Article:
The Silent House is a Uruguayan chiller from debut writer/director Gustavo Hernandez. Superficially similar to - but profoundly removed from - the found footage genre instigated by The Blair Witch Project, the film purports to offer 'real fear in real time', appearing to be shot in one continuous take that takes the viewer deep into the protagonist's terrifying situation. We caught up with Hernandez subsequent to its successful theatrical run and prior to its DVD/Blu Ray release to find out more about the mystery behind La Casa Muda.
David Graham: The film draws on many classic horror/ghost stories and films - the works of writers like M.R. James, Edgar Allan Poe, Robert Louis Stevenson, and films like The Innocents, The Haunting and The Others. What in particular influenced you, and what are your favorite horror stories or films?
Gustavo Hernandez: I’m a great fan of Edgar Allan Poe and Horacio Quiroga [Uruguayan author of short stories, also fan of Poe]. The Silent House has a lot of influences, whether direct or indirect. Two of them are particularly noticeable: David Moreau’s and Xabier Palud’s Them (Ils) and Alexandre Aja’s High Tension (Haute Tension). When I saw them, I started visualizing our film.
DG:The Silent House is in some ways a very traditional film, and in others it is very audacious technically. Which idea came first, the approach to shooting or the story? How did they develop together?
GH:First of all I thought of the approach to shooting because I wanted to experiment from a technical point of view and this narrative approach suited the genre very well. Then we started looking for the story; we wanted something simple and functional. We had a basic idea of the production and an interesting starting point. When we wrote the technical script, we realized how difficult the challenge was, but when we started shooting, it often became impossible, so we had to redesign everything and improvise new movements and choreographies with the actors and the technical team. The Silent House came out of trial and error, after a long planning period. Many films have been made in this film-making style recently - Blair Witch Project, Rec, Cloverfield - but most have been shot by characters from first-person perspectives.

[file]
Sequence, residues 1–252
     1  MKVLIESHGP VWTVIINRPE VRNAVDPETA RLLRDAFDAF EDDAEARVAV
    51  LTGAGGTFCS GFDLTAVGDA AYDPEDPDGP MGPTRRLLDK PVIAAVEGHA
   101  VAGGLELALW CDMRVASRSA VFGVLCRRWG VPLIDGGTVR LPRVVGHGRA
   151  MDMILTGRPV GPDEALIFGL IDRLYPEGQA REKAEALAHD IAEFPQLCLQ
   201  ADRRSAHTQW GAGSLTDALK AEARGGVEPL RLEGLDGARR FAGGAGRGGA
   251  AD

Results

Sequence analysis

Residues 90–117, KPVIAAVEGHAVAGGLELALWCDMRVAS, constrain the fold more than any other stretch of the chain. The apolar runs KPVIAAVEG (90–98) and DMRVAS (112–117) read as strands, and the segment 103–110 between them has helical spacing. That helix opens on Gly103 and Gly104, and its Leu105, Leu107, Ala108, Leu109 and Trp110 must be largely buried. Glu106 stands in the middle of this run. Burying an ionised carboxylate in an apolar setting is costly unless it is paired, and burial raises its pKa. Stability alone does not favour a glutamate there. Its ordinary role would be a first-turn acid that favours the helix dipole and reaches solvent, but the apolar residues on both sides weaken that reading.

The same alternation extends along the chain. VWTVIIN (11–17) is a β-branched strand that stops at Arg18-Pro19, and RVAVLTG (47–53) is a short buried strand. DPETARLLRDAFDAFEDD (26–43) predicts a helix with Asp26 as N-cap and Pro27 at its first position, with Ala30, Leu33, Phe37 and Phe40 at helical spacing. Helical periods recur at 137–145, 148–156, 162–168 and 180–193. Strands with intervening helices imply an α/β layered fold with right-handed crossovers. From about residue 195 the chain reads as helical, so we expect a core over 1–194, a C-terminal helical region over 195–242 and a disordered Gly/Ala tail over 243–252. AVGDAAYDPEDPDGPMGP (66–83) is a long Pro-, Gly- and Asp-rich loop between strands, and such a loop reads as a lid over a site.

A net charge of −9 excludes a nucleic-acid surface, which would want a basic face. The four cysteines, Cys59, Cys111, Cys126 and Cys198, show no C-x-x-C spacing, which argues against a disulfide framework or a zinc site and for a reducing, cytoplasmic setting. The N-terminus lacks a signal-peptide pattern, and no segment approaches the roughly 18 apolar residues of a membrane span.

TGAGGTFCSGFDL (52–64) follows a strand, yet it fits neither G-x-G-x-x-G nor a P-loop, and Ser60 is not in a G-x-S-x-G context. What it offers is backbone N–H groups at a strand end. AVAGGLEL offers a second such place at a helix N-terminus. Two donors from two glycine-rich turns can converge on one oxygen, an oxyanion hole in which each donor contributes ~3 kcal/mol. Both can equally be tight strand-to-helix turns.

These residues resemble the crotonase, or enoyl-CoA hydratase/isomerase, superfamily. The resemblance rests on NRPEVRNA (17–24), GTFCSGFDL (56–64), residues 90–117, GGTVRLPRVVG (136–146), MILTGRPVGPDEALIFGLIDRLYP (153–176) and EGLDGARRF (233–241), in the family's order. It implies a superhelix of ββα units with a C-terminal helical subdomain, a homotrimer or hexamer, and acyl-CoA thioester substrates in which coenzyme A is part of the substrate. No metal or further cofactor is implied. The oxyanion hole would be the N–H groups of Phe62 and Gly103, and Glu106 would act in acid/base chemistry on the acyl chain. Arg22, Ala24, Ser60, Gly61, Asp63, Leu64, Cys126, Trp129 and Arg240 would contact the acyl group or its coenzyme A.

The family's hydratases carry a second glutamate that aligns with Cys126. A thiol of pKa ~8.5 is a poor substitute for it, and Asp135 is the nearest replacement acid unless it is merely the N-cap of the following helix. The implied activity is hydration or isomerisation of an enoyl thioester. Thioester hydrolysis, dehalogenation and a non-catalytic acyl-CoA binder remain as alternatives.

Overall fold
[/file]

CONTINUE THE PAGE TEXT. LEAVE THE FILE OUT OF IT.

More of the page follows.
DG: Did you ever think about pursuing that approach?
GH: I knew I didn’t want a single camera recording the events, a never ending subjective take. We had some clear rules. We didn’t want the filmic technique to undermine the story, but rather to become the means to tell that story. In our film, the camera conveys, from a cinematographic point of view, the feelings and emotions the characters go through. On some occasions it stays far from the main character to highlight her loneliness. Some other times it chases her to illustrate her desperation, or watches her through mirrors and reflections, always looking for different ways to capture those moments.
DG: Can you tell us about the imminent remake? Is it staying true to the concept and story of the original? Did you have any doubts about it being made, especially so soon after the original, and with so many remakes of old and foreign films being released?
GH: The remake was made by the directors of Open Water. It was premiered in Sundance but we haven’t watched it. The story was somewhat adapted to the American audience, but they kept the notion of 'real fear in real time' and used the same camera. I can’t say anything about the end result but we’re happy and looking forward to discovering a new outlook on our work. We can’t wait to see the film as these two directors have a clearly defined voice.
DG: Through its ambiguity, the film touches on a surprising and impressive variety of genres - drama, mystery, giallo, the Gothic or supernatural, the psychological. What can we expect from you in the future, what type of film would you like to tackle?
GH: We’re working on a new project called The Funeral of Elbert Kurman. We’re happy with the ideas we’re toying with, as the film shares the same idea of experimentation that The Silent House had, although it’s very different from a filmmaking point of view. We’re going to take a big chance in our second project and we believe we’re dealing with a very interesting idea when it comes to the story, the structure and the way it will be directed. It’s a tribute to the horror genre from an unusual point of view, with very ‘liberal’ shooting techniques. We will soon advance some information about this project.
The Silent House is out now on DVD and blu-ray.